"You should have seen it on Sept. 11th," he said. "I sold a car to a lady early that morning and then we watched on TV. She was the last person in the dealership for two weeks."
"Two weeks?" I said.
"Two weeks," he said.
"Nobody even came into the store?"
"Not a single person. For two weeks. It was like the entire nation was in shock. Nobody knew what was going to happen, whether we were going to go to war, whether we were going to get hit again, what was in store. Everybody just shut down."
The ground floor of the economy is a fascinating thing. The first people who realize things are headed south are the ones who are in charge of moving inventory. Things rebounded for a short time, but Joe had to know that dark days were coming, that far too much credit was going out to far too many people who lived their lives on the edge of ends meet. None of us knew the extent of what it all meant, of the precarious nature of political capital gained via fear. Two unfunded wars, stimulus checks, tax breaks, the big-picture ramifications did not matter to any of us, because deep down inside all of us were unsure whether there would even end up being a big picture. For the first time in a lot of our lives, our concern for our individual safety overshadowed any of the potential consequences of our country's actions. A good day was any day that did not end with hundreds of our countrymen leaping to their deaths out of burning high rises. Our entire national pathos had shifted to a sort of fatalistic optimism. Hell, as long as we aren't getting hit again, it can't be all bad, can it?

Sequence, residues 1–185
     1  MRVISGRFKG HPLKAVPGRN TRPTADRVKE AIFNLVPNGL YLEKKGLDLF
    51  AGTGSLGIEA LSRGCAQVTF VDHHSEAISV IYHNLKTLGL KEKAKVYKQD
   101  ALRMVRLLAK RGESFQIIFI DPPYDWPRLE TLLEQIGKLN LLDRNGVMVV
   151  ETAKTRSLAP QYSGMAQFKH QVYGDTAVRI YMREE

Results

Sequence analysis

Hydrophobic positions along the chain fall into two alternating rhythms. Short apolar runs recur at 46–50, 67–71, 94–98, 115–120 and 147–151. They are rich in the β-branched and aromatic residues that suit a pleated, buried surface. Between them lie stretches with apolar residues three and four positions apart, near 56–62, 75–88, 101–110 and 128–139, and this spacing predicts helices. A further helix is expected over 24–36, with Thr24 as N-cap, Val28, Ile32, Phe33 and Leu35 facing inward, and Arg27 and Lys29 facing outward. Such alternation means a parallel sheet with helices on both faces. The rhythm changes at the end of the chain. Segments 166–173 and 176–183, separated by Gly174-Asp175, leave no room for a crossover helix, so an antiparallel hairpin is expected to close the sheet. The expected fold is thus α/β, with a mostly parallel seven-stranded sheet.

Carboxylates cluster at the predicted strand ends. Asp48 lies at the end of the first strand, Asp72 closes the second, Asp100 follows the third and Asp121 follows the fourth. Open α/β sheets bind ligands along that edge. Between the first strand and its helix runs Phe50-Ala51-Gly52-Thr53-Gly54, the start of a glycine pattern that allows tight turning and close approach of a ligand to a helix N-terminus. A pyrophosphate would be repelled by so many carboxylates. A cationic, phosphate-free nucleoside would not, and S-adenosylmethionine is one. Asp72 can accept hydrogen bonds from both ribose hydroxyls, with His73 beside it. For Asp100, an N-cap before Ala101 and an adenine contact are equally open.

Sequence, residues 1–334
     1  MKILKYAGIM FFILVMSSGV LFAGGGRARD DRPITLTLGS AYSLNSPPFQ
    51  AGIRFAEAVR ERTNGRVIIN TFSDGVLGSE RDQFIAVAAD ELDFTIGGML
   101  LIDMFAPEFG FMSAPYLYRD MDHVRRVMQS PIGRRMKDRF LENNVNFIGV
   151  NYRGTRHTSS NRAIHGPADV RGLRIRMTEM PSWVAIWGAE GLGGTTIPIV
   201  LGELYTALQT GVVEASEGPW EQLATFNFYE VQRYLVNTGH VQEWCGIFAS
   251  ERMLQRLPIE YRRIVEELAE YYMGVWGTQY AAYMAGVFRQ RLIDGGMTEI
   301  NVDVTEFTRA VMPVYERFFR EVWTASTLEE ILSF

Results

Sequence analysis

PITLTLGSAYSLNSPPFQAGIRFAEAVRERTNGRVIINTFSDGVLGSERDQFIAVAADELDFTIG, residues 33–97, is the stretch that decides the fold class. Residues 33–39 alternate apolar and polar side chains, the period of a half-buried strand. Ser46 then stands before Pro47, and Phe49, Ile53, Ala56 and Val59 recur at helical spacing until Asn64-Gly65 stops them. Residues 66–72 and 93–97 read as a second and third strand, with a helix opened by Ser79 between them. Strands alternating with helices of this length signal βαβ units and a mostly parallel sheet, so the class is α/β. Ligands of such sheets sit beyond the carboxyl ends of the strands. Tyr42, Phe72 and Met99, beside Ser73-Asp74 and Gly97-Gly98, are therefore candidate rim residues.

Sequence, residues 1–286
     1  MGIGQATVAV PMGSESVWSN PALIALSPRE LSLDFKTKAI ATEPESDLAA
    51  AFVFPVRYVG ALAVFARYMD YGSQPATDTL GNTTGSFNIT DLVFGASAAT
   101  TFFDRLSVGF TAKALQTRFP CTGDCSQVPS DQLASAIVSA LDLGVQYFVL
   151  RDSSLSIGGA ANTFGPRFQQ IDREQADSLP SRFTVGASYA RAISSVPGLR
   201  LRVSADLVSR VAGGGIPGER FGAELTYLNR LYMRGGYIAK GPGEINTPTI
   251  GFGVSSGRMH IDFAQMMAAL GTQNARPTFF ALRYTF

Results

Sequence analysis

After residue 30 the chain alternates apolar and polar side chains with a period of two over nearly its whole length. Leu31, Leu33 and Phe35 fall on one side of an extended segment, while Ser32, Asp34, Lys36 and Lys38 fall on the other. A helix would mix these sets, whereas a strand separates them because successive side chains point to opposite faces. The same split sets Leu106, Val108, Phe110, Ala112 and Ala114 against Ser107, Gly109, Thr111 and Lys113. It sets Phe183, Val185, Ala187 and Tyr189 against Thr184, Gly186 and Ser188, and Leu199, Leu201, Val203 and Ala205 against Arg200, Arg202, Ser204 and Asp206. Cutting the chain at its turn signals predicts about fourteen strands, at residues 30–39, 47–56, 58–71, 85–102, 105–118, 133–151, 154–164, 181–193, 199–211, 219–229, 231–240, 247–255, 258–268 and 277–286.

Self-preservation is a powerful instinct, and you cannot convince me that it did not play a role in the economic tumult that would eventually sweep our country. The world landscape was changing so quickly that few of us saw any sense in considering the long-term ramifications of our actions. And so we borrowed, and we lent, and we looked for the quick buck at the risk of leaving our asses exposed.
"I tell you man, there is one guy I'm glad they got," Joe said. "It took awhile. But when they finally got him, I was so happy. I remember that day, watching baseball, the crowd chanting."